Herzog Visits Bergen-belsen and Dedicates Symbol to Memory of Those Who Perished in the Holocaust
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Herzog Visits Bergen-belsen and Dedicates Symbol to Memory of Those Who Perished in the Holocaust

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President Chaim Herzog of Israel, reciting the words of the psalmist, “My pain is with me forever,” unveiled a rock quarried in Jerusalem at the site of this former concentration camp Monday and dedicated it to the memory of those who perished in the Holocaust.

“I do not bring forgiveness with me, nor forgetfulness,” declared Herzog, the first President of Israel to visit Germany. “The only ones who can forgive are the dead. The living have no right to forget. Thus I will surely remember, with a heavy heart.”

The brief, moving ceremony at Bergen-Belsen followed by a few hours Herzog’s arrival at Bonn where he was greeted with a 21-gun salute and personally welcomed by President Richard von Weizsaecker of the Federal Republic.

Several hundred people assembled here, including Holocaust survivors and West German dignitaries, headed by von Weizsaecker and the Prime Minister of Lower Saxony, Ernst Albrecht. Many fought back tears as the EI Mole Rachmin, the prayer for the dead, was chanted by a cantor.

Then Herzog faced the audience. “In this place, the vale of slaughter, and at the outset of my journey on this soil, I leave as a memorial, my brethren and sisters, victims of the Shoah (Holocaust), a stone hewn from the rocks of Jerusalem. On it are carved the words of the psalmist, as testimony to the decimation of my people: ‘My pain is with me forever’.”


He recalled, “I was here for the first time 42 years ago. Then I was a Jewish soldier from the land of Israel, participating in the destruction of the Nazi regime, plucking the brands snatched from the fire. The memory of those shocking sights will never, ever leave me.

“Now, accompanied by some survivors, I return as President of the State of Israel, the independent Jewish State, by decision of its sovereign government, to bear witness before you that the ultimate destiny of the Jewish people will never be betrayed and that the Jewish people lives on.”

At the ceremony, a Holocaust survivor, Hadassah Rosensaft, recognized Herzog as one of the officers of the British army which liberated the concentration camp. She burst into tears and embraced the President.

The memorial service at Bergen-Belsen was a far cry both in mood and setting from the ceremonial pomp that greeted Herzog and his wife Aura when they stepped from their Israel Air Force jet at Bonn airport at 10 a.m. Monday.

After reviewing a guard of honor, Herzog was flown by helicopter to Villa Hammerschmidt, the official residence of President von Weizsaecker. There, German army units passed in review and the national anthems of Israel and West Germany were played. The two Presidents had a brief talk and were then flown to Hannover, capital of Lower Saxony, and from there by helicopter to Bergen-Belsen. Before unveiling the memorial stone, Herzog visited the museum at the concentration camp site and inspected the sole remaining barrack.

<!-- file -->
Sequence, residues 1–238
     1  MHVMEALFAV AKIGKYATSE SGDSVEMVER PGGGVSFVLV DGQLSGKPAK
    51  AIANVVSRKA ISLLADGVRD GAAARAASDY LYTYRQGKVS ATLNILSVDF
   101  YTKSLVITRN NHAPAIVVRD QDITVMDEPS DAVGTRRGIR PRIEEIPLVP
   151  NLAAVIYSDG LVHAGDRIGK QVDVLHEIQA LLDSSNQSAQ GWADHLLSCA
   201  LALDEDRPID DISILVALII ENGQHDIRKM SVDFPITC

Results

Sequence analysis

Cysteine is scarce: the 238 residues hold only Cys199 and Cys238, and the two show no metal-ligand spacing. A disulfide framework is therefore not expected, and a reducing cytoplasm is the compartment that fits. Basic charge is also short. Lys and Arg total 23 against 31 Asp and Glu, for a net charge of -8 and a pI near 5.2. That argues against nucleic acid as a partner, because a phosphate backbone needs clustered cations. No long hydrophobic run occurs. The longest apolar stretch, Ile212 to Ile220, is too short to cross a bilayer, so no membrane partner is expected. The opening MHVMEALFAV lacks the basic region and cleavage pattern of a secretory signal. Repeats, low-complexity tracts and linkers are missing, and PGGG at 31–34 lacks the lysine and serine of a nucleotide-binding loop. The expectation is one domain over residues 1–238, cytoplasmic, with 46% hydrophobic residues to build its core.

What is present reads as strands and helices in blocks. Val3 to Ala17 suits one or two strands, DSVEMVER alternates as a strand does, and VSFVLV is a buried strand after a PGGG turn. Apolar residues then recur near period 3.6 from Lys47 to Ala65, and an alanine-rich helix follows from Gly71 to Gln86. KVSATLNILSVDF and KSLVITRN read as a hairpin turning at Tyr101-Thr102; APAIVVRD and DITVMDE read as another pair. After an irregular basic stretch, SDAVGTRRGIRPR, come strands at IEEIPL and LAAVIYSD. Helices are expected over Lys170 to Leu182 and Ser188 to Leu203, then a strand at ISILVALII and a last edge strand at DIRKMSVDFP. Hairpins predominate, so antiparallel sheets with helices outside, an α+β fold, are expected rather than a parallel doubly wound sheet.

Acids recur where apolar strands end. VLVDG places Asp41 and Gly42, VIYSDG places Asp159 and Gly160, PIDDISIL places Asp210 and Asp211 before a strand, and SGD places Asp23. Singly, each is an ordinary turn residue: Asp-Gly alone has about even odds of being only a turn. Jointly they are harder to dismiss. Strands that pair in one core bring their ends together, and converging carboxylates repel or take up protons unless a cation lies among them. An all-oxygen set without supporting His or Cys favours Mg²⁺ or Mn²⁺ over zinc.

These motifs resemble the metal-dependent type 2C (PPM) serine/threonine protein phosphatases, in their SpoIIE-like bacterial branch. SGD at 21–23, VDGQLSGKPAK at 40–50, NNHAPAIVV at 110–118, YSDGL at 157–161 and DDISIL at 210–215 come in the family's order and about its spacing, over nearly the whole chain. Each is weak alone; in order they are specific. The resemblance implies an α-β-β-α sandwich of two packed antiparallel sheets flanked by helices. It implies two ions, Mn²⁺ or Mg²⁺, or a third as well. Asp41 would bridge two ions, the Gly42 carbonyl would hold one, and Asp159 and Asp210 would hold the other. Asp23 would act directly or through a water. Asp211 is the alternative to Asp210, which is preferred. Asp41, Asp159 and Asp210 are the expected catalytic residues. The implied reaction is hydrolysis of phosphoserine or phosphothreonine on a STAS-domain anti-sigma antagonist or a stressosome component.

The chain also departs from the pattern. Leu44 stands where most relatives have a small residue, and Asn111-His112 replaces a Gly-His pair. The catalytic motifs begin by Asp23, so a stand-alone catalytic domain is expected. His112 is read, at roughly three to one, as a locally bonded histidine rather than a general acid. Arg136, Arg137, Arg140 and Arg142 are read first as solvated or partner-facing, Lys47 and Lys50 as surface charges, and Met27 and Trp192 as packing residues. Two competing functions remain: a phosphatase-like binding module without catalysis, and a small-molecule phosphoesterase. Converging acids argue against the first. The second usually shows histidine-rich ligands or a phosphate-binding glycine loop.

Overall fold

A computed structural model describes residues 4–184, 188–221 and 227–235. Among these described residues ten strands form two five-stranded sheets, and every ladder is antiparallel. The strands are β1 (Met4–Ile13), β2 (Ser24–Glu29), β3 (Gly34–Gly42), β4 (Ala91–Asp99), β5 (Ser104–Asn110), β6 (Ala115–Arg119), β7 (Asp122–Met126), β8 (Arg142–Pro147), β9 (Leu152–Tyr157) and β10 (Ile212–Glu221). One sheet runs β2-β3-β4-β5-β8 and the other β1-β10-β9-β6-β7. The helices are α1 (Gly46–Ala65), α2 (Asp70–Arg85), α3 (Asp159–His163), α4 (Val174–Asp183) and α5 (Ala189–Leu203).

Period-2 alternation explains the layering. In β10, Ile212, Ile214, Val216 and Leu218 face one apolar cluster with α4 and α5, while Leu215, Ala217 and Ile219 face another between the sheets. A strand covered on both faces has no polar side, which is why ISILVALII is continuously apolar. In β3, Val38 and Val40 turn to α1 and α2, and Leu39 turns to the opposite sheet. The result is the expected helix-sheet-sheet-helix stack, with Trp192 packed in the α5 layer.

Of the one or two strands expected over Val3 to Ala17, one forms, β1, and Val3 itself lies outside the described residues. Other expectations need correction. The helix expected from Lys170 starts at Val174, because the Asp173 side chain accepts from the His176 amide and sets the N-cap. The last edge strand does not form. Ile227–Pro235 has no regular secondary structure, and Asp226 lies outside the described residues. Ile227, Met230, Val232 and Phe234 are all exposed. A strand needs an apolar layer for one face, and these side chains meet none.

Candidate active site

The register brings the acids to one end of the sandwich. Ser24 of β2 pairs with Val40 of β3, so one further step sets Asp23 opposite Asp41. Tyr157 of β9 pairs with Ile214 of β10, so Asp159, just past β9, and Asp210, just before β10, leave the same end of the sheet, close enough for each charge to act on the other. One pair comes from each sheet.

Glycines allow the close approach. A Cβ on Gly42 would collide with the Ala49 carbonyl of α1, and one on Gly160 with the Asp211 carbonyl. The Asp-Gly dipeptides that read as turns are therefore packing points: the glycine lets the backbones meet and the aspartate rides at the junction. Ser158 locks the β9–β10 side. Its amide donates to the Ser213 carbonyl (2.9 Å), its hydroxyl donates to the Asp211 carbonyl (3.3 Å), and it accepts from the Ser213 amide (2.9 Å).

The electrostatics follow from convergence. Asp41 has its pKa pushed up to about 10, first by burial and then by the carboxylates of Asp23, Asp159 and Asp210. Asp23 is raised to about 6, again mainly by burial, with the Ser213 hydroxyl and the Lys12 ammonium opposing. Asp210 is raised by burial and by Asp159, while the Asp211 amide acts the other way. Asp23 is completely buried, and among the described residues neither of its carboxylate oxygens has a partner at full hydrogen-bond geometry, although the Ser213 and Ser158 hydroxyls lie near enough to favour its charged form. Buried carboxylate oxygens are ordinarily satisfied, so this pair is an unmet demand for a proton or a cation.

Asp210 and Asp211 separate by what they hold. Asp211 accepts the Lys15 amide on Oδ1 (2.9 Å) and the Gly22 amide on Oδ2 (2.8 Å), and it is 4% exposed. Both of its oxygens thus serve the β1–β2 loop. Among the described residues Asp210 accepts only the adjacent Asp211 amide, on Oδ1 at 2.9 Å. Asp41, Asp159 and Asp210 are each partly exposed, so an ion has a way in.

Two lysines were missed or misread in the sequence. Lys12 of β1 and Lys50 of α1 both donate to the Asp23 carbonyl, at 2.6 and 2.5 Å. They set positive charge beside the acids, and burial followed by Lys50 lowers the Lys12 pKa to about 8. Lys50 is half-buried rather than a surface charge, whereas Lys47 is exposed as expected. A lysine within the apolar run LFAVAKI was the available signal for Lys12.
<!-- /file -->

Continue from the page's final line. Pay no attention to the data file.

Herzog’s five-day tour of West Germany, following a five-day visit to Switzerland, was controversial in Israel where some thought no President of Israel should set foot on German soil. Von Weizsaecker went out of his way to thank Herzog for accepting Bonn’s invitation. “Of course I understand those who voiced criticism,” he told reporters three days before Herzog’s arrival. He said the visit by the Israeli chief of state was “an extraordinary event of an extremely important meaning.”

Von Weizsaecker denied that the visit was intended to “close” the chapter of the German past. “In history there can be no such closure,” he said.


Herzog’s words at Bergen-Belsen bore that out, for he addressed himself to those long dead. “You bequeathed to our people the precept of life, the imperative of existence,” he said.

“To ensure that never again would the Jew be a helpless victim, and that never again would Holocaust and destruction be the fate of Israel, you bequeathed a testament to build the future of the Jewish people in its homeland, proud and free. A people strong in its moral right and in its moral force no less than in its ability to defend itself…”

“The grief of your death will eternally be with us. Not as a perpetual hatred. Not as barren, paralyzing hostility. But as a call to strength and steadfastness, a call to understand the depths to which the human soul can sink, and a call to rise above them. To fulfill with all our very being the antithesis of evil, of wickedness: Turn away from evil, and do good. Seek peace and pursue it.”

Herzog concluded: “In the name of the Jewish people and in the name of the State of Israel, I repeat our oath never to forget and to be forever faithful to your bequest–the imperative of life.”

Herzog and his wife spent five days in Switzerland last week as guests of President Pierre Auber of the Swiss Confederation, who is also Foreign Minister. Herzog was the first Israeli President to pay an official visit to Switzerland.

In addition to talks with Auber on bilateral and world issues including the Middle East, the Herzogs were feted by the Swiss Jewish community. They also had an opportunity to visit with their grandchildren.

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